Society needs to put a higher value on cats. There are some out there who hurt and kill cats because they consider them a nuisance. There are some who hurt them simply because they don’t value life. Some people let their cats wander outside. These people need to be educated about the hazards of being an outside cat: the threat of other animals, the elements, illness, lack of nutritious food, and the threat of humans. —Coalition for Pet Protection

What do you think needs to be done for a community to become no-kill?

The Best Friends Animal Society, the largest no-kill sanctuary in the country, has the goal of all fifty states reaching no-kill by 2025. When I asked rescues how a community can become no-kill, the number one suggestion was education: people need to know that shelters are overburdened and don’t have the room to keep all animals, and that the result is euthanasia. People also need to know the alternatives to surrendering their pet.

A second suggestion was low-cost spay/neuter services. While Lancaster County offers a few choices, the organizations offering them typically have waiting lists due to the need for more resources. These organizations may or may not work offer Trap-Neuter-Release programs. Across the state, there are minimal options.

Hearts United for Animals recommended stricter laws for owning pets and penalties for mistreating or abandoning them. As example of the importance of spaying and neutering, Hearts United for Animals said it should be a requirement for all except those licensed to breed.

Muddy Paws offered a detailed plan that, in addition to what I’ve already mentioned, includes the following:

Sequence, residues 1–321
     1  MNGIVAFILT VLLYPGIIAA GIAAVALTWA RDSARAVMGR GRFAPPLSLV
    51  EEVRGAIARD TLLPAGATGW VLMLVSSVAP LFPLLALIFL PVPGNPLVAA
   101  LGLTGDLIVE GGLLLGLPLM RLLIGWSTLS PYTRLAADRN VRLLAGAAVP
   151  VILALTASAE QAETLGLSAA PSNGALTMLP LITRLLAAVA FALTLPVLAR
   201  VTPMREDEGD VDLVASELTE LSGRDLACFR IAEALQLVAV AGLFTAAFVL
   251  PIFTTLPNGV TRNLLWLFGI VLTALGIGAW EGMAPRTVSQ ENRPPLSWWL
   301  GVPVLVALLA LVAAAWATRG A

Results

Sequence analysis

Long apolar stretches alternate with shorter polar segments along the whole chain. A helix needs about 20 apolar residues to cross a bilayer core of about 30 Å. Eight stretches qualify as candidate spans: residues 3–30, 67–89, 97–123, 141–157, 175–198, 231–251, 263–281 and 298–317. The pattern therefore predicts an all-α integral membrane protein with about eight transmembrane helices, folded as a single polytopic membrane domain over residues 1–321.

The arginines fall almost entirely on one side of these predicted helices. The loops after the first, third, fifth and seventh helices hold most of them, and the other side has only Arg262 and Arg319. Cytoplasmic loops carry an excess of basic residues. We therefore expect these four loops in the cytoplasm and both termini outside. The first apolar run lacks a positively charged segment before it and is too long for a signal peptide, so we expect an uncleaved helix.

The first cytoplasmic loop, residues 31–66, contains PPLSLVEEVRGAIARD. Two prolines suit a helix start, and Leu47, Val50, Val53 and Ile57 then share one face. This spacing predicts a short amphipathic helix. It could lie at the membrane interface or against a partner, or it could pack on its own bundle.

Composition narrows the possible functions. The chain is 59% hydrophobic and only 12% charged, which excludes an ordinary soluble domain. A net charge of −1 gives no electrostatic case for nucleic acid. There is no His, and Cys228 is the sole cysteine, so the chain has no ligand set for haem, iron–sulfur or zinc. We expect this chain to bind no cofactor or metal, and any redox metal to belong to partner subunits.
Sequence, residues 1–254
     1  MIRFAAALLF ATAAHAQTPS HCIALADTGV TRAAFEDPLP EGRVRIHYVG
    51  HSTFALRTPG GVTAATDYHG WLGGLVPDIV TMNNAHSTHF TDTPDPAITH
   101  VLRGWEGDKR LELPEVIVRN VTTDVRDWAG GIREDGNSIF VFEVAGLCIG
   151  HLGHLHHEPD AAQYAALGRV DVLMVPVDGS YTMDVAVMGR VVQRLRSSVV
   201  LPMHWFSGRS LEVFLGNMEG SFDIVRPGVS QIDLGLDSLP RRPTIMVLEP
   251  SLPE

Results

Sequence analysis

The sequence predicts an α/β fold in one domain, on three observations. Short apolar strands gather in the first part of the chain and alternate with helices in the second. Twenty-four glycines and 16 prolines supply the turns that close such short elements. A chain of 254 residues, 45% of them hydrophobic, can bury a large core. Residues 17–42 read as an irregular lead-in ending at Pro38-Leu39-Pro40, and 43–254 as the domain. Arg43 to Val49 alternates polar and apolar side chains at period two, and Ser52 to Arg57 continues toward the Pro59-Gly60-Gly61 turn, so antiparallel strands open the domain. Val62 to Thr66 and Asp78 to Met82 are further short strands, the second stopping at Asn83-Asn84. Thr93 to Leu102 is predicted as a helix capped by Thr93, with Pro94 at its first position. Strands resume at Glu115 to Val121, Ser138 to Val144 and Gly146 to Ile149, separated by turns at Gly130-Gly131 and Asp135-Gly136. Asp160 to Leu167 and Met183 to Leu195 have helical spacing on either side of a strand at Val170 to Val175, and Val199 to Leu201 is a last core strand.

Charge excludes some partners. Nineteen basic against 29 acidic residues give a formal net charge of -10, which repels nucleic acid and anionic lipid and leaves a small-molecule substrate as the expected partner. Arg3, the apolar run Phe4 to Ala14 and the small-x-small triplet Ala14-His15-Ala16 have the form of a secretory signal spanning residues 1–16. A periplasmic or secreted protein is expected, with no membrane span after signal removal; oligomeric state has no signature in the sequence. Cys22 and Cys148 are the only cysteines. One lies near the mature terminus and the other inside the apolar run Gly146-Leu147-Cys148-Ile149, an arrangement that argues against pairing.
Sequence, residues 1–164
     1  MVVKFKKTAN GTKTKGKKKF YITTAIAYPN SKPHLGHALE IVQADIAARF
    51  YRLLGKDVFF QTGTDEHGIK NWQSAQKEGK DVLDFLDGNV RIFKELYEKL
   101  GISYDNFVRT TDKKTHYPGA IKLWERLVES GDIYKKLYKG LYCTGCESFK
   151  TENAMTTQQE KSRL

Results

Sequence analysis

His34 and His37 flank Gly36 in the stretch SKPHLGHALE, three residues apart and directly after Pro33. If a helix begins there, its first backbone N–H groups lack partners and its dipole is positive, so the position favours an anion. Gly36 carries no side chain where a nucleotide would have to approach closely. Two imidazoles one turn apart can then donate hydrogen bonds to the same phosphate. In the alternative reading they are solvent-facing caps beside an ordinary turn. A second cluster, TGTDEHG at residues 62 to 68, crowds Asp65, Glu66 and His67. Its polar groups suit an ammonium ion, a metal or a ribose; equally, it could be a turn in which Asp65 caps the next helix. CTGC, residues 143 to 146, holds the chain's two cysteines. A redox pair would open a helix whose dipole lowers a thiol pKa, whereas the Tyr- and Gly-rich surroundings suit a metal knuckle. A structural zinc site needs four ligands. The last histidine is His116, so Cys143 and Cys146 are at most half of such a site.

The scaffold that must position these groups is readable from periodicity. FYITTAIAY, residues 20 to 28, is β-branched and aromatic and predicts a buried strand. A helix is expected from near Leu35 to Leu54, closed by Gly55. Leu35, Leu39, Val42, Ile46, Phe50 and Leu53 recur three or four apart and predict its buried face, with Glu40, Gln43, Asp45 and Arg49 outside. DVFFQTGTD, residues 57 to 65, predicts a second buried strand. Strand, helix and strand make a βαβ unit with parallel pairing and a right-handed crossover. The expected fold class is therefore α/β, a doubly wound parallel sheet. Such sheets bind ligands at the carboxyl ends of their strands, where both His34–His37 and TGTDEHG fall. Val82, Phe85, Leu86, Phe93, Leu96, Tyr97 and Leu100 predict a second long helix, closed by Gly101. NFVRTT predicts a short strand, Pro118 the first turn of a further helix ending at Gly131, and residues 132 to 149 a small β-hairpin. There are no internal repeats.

• Help people whose pets have behavior problems. This should reduce the number of pets being relinquished.
  • Provide behavioral and medical assessment training for shelter workers. These should reduce the number of animals put down that don’t need to be.
  • Partner with rescues which take animals into foster care when the shelter becomes full or when animals need extra training or time to recover from a veterinary procedure.

For a community to become no-kill, education, financial backing, and a group of people of similar mind who shout loud enough for a long enough time is needed.—Muddy Paws


I began this article by saying it would lay the groundwork for future articles. One thing that stood out to me in my research is how many dedicated animal welfare organizations we have in Nebraska, but how all of them could use more support. Another thing I realized is that I don’t know how much cooperation and sharing exists between these organizations. I’ve already been informed of some of their educational needs, and so plan to address those in upcoming articles. I’d also like to continue to build my own connections with the state’s animal welfare groups, and to explore what volunteer needs they have, learn about the statewide feral cat situation, and get a better idea of rural Nebraska’s attitude towards animal welfare. With what goal in mind? To improve dialog among Nebraska’s animal welfare groups.